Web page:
Which type of ink do you prefer?

Solvent Ink

A special ink for special surfaces

Choose solvent ink when you want to stamp on hard non-porous surfaces, such as plastic, glass, or metal.

Solvent inks come in more than a dozen colors and are permanent and waterproof when dry.

Solvent inks also work well on coated paper stock and vellum and are not heat embossed.

Solvent inks have a distinctive chemical odor and must be used in a well ventilated area.

Rubber stamps must be cleaned with a special solvent ink cleaner after use with solvent inks.

Store solvent inks as you would pigment inks: tightly close the container and store the container in an upright position.

Chalk Finish Inks

An ink with a soft finish

Choose chalk finish ink for a soft, chalked look to the finished project.

Chalk finish inks combine characteristics of dye and pigment inks. Chalk inks don't dry quite as quickly as dye inks, but do dry thoroughly on most surfaces.

There is no need to heat emboss chalk inks, as that would defeat their purpose in providing a chalky finish.

Chalk inks typically come in soft pastel and muted tones.

Clean up is the same as for dye and pigment inks and storage is the same as for pigment inks.

NOTE: Chalk ink markers are not for use with rubber stamps. They're for white boards and chalk boards.

Watermark Ink

The ink with no color -- what's up with that?

Choose watermark ink when you want to create a clear image, or apply chalks or powders to a sticky design.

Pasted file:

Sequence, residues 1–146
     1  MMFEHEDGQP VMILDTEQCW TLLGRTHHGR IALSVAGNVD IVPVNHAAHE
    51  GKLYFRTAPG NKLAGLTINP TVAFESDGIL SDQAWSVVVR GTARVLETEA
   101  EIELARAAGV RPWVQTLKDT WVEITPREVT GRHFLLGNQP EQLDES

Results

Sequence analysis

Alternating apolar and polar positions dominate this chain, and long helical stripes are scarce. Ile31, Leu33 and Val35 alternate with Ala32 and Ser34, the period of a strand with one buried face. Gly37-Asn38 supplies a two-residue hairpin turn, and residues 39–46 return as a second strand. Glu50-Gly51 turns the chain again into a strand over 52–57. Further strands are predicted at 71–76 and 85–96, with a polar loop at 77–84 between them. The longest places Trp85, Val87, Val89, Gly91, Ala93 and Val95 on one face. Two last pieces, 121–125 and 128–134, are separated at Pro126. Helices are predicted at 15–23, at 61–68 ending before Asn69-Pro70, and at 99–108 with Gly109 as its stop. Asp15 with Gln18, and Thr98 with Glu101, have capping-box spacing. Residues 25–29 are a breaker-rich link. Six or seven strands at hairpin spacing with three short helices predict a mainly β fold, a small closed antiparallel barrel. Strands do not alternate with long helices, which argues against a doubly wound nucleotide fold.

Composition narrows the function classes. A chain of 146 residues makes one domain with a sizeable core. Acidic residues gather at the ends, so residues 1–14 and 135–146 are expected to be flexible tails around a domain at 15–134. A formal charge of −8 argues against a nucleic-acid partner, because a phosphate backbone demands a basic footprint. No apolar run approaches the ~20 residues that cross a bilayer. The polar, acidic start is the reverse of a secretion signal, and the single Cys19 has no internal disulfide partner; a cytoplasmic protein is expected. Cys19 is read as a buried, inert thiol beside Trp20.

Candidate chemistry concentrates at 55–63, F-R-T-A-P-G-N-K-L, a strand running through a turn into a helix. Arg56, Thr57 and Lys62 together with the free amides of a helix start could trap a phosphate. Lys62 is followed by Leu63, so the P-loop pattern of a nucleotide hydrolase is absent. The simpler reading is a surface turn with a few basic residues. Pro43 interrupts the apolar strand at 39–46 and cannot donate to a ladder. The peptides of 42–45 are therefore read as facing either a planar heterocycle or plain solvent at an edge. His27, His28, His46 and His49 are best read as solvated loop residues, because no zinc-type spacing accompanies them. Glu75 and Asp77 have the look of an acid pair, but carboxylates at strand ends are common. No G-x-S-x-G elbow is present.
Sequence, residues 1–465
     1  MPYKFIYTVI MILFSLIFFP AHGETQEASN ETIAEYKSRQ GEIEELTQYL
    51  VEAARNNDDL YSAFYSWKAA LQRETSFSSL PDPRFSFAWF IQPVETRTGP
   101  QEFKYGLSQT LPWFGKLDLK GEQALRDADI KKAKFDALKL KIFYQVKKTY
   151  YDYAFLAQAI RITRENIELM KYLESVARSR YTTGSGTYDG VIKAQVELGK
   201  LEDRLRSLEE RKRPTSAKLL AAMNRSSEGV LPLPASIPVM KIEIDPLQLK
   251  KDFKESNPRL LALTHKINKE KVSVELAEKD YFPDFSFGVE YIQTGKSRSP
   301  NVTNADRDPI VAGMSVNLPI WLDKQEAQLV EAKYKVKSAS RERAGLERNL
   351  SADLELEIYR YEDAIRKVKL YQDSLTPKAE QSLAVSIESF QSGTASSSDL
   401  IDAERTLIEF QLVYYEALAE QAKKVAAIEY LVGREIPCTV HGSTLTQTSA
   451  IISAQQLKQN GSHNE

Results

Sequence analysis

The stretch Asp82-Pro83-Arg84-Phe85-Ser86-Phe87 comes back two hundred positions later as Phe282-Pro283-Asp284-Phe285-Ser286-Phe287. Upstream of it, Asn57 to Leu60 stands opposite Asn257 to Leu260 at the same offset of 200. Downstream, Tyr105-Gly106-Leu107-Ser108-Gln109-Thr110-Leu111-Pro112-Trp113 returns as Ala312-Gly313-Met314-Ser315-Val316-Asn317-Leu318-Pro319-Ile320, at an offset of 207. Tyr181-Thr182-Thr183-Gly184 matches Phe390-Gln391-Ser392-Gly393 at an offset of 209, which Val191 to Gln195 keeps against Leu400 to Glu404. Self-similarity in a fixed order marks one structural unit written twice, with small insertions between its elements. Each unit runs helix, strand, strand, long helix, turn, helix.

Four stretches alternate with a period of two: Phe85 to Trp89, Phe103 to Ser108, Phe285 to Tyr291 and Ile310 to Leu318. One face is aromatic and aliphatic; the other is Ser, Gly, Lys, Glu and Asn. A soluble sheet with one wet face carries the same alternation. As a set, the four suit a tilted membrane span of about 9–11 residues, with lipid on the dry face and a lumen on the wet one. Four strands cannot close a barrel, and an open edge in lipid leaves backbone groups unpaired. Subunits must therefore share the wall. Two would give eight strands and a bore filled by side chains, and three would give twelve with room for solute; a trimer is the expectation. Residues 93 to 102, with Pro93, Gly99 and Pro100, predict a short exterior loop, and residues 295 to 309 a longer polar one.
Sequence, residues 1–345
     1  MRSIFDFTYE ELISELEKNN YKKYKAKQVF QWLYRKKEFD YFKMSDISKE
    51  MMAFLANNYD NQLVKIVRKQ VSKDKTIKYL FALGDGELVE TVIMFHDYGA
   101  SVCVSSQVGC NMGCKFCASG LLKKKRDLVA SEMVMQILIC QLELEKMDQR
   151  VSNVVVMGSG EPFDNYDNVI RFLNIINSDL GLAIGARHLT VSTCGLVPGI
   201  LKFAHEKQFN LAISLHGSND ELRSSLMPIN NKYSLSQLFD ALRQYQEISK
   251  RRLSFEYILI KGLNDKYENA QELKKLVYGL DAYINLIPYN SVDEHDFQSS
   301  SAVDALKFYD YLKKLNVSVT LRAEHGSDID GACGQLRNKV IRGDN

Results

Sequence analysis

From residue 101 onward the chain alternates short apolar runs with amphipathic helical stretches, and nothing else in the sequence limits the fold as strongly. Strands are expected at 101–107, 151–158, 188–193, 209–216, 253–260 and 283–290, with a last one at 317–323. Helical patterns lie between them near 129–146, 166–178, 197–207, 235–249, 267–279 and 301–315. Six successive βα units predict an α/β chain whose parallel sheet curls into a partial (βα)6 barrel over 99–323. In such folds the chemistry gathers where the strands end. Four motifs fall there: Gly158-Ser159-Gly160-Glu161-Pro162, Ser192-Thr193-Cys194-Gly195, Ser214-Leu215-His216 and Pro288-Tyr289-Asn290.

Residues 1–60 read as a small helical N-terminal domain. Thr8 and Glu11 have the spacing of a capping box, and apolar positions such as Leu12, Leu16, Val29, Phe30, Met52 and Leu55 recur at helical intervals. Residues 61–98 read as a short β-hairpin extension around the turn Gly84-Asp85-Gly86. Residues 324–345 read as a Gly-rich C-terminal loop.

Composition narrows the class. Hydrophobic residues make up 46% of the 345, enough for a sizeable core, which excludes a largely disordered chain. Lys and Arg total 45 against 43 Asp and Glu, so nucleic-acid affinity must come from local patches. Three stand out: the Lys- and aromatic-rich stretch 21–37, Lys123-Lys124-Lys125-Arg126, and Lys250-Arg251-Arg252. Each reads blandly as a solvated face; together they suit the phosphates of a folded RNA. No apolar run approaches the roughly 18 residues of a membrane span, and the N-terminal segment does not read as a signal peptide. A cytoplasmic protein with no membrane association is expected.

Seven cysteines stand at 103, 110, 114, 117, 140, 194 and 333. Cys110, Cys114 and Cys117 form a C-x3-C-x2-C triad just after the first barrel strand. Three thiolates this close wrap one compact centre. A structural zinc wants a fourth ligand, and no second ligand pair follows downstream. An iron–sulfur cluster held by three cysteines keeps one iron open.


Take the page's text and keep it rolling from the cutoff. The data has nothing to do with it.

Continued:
Watermark ink is a clear sticky ink that can be heat embossed for a color-on-color look. Using watermark ink and clear embossing powder will result in an elegant, glossy clear image that permits the paper color to show through.

Because of its sticky nature, chalk powders and lustrous pigment powders can be applied to watermark inked images to create one-of-a-kind designs.

Watermark pens are also available.

Watermark ink pads are usually made of firm foam and are packaged in opaque containers. The name on the package often ends with the suffix -mark. The sticky ink is not as runny as pigment ink and the container may be stored either upright or upside down.

It's important to clean your rubber stamp thoroughly before using watermark inks. Residual colored ink from previous projects will stain the pad and tint the watermark ink.

Dried watermark ink left on a rubber stamp can be stubborn to remove, so it's best to clean your stamps immediately after using watermark ink.

Alcohol Ink

A special ink with no stamp pad required

Choose alcohol ink for special projects.

Alcohol inks are sold in liquid form, in a bottle, not in a stamp pad.

Alcohol inks are extremely fast drying, and the evaporation of the alcohol creates unusual effects. Sometimes used in conjunction with other agents, alcohol inks are often applied directly to the project surface, rather than being used on a rubber stamp.

Alcohol inks stain surfaces and skin, and wearing disposable gloves is recommended.

Alcohol inks are best purchased with a particular project in mind. Random experimentation may not prove very satisfying. Check out some project ideas by clicking right here.

Water Color Ink

Rubber stamping with pens instead of pads

Choose water color ink when you want to use multiple colors on single stamp.